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Consumer (Co-)Ownership in Renewables in California (USA)

  • Felicia van TulderEmail author
  • Sharon Klein
  • Erika Morgan
Chapter

Abstract

There were and are only a few support policies focusing directly on consumer (co-)ownership. California Senate Bill 1 of 2006 set a renewable distributed generation target of 12 GW installed capacity by 2020, which included 3 GW for self-generation to be realized through the California Solar Initiative. California is one of 17 US states with a virtual net metering policy which, however, is restricted to adjacent or contiguous properties, unlike other states that allow aggregation within a utility territory. CCAs there is no opportunity for consumer ownership, no sharing of tax credits, no consumer involvement in pricing, governance or project-related decisions. California’s Community Choice Aggregation (CCA) model adopted in 2002 empowered municipalities and other units of government, that is, counties, and associations of cities, counties and other public entities, to take control of the procurement of electricity supply in their territory. CCAs can also incentivise consumer-owned RES with enhanced NEM and/or FITs and have the potential to offer additional financing options. All California’s operating CCAs state the goal of progressively increasing their ownership of RE plants to meet their customers' requirements for renewable electricity supply. More general, participation in RE projects is possible via any available type of corporation, partnership or individual business activity, similar to those in other countries. Cooperatives as a legal vehicle are available but not common. Investments in solar collectors and photovoltaic installations on private buildings, often facilitated by municipalities making use of state financing programs, are gaining in popularity.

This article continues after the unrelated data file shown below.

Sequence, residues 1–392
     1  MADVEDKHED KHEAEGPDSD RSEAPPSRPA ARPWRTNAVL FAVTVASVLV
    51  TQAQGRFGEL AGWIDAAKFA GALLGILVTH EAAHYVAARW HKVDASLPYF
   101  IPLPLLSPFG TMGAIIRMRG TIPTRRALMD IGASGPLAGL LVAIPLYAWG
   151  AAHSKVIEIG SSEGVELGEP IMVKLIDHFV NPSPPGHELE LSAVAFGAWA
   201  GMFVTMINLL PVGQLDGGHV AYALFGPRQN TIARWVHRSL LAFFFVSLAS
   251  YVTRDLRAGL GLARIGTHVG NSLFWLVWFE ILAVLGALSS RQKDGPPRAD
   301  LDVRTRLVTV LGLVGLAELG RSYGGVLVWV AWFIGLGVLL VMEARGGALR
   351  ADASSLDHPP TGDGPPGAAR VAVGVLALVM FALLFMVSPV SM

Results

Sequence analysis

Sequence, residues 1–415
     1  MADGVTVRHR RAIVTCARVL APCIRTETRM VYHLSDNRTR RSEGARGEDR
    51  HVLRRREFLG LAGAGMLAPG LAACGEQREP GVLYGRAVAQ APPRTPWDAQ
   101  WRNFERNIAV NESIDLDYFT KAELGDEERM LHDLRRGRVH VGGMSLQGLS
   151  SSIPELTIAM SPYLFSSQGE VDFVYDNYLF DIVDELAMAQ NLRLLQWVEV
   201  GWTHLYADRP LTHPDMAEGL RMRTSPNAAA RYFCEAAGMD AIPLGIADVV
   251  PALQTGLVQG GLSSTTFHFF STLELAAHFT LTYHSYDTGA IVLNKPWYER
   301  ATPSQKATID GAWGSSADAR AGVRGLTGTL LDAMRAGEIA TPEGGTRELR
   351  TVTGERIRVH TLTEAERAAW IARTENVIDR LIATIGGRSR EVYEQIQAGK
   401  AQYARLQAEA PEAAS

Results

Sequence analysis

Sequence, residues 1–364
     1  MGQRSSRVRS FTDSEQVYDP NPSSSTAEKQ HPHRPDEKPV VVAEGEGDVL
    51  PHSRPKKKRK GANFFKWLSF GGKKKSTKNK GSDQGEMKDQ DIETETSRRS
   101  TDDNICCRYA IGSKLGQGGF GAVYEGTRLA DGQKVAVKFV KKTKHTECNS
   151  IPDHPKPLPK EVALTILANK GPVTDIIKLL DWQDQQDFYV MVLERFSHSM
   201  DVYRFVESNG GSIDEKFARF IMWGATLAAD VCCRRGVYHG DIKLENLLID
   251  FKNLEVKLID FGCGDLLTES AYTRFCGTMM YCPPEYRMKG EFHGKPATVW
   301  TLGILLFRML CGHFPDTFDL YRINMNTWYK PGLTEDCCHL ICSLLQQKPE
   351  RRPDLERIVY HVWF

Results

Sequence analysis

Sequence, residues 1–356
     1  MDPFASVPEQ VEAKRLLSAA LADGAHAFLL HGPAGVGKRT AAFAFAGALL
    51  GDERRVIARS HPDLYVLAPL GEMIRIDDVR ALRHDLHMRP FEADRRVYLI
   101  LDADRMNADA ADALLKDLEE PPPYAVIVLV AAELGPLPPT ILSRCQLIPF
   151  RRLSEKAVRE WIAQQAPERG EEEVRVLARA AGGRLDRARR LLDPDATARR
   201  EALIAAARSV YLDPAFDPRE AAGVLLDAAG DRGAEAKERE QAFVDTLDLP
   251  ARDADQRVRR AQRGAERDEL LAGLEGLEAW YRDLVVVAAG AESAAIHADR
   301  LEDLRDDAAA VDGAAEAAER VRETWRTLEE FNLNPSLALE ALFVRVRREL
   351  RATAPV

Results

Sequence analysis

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Copyright information

© The Author(s) 2019

Authors and Affiliations

  • Felicia van Tulder
    • 1
    Email author
  • Sharon Klein
    • 2
  • Erika Morgan
    • 3
  1. 1.Kelso ProfessorshipEuropean University ViadrinaFrankfurt (Oder)Germany
  2. 2.School of EconomicsUniversity of MaineOronoUSA
  3. 3.Energetic Management AssociatesSan DiegoUSA

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